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Person Centered Care

The main aim of healthcare is to provide the best level of care that is possible for the patient and patient is always at the centre of the decisions that are related to the patient which is called as person-centred care or patient-centric care (Groves, 2016). It is the ethical duty of the nurses to work in such a manner that the delivery of care is patient-centric (Ashkenazy, 2019). The aim of the present essay is to discuss the international code of ethics in healthcare with relation to nursing and its role in person-centred care with an example of one element.

In healthcare, the school of thought was initially in a paternalistic approach in which the decisions made by the doctor or the healthcare team were accepted, without consideration of the patients (Delaney, 2018). In the recent times, due considerations are being given to the needs and acceptance of the treatment and more involvement of the patients in their medical decisions and the practice to include the patient consideration is called person-centred care. In general, there are four fundamental principles in person-centred care and they are: treating patients with dignity, compassion and respect; the care should be coordinated; the care is personalized; to help the people in recognizing their strengths and abilities (Marchand et al., 2019). The basis of person-centred care is that the patient is the best judge of his/her health and illness and can navigate through to get the best health outcome (Taylor et al., 018).

All the healthcare professionals including nurses should work in such a way that the needs of the patient are given most priority (Cashin et al., 2017). Various regulations have been made to help in the guidance of the nurses to obtain professional competency and so that the nurses can provide person-centred care. Nursing and Midwifery Board of Australia has given professional standards which are related to code of conduct, standards of practice and code of ethics and a registered nurse is expected to abide by them so that best possible care can be given to the patients (Nurses and Midwifery Board of Australia, 2017). There are four fundamental duties that a nurse is expected to follow and they are: promotion of health, prevention of illness, restoration of health and alleviation of suffering (International Council of Nurses, 2012). The element that is discussed is nurses and people such that the patient can be alleviated of his/her suffering, for example, pain.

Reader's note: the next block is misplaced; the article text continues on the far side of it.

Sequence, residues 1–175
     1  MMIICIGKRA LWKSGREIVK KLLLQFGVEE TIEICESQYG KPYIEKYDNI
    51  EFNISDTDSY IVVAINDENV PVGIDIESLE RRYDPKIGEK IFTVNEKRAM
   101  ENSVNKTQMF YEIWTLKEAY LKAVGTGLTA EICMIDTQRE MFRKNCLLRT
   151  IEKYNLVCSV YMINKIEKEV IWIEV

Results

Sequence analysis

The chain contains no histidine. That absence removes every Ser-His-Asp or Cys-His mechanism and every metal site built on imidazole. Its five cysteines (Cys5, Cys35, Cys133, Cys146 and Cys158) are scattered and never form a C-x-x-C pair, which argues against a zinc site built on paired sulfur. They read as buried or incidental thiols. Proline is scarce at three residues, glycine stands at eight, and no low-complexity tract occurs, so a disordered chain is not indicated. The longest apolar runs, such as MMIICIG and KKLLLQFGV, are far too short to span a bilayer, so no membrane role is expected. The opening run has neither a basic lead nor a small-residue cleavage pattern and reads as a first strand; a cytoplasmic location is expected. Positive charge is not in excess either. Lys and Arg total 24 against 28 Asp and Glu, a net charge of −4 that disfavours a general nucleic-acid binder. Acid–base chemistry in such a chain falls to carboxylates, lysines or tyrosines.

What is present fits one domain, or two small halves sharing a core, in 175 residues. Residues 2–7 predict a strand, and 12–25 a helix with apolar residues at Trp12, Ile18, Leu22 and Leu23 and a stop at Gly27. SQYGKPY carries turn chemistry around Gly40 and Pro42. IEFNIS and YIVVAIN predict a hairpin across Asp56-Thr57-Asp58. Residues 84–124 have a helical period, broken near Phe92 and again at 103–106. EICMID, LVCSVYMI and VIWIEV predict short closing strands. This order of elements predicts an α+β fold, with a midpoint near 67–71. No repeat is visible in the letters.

International Council of Nurses Code of ethics denotes that it is the duty of the nurses to respect rights of a person which includes cultural rights, right to life and choice so that the patient can be treated with dignity and respect (Rejnö et al., 2020). According to the element, the primary responsibility of the nurses is towards the people who require care. The care environment is such that the rights, values, customs and spiritual beliefs of the patient, family and community are considered (Newton, 2018). In case of reducing the suffering of the patient, it is necessary that all the aspects as per the patient's health are considered. This includes cultural, social, spiritual, and psychological needs of the person and in some cultures, spiritual needs are given the high level of importance and not having that fulfilled might have an impact on the health outcome of the patient. It becomes the duty of the registered nurse to make sure that the needs of the patient are fulfilled thus keeping the patient at the centre of the caregiving process.

In the field of healthcare, the principles of ethics that are the registered nurse and other healthcare professionals are supposed to work abiding them and they are justice, beneficence, nonmaleficence, accountability, fidelity, autonomy and veracity (Dewitt, 2016). In the present example of reducing the suffering of the patient, the nurse should abide by them especially autonomy that is the patient should be given the right to their opinion, perspectives, values and beliefs so that the patient is given the understanding that his care is being as per his preference. The care plan should be customized as per the needs of the patient and it has done so that no harm is incurred to the patient intentionally and unintentionally and the treatment will be done for the betterment of the patient (Walsh, 2019).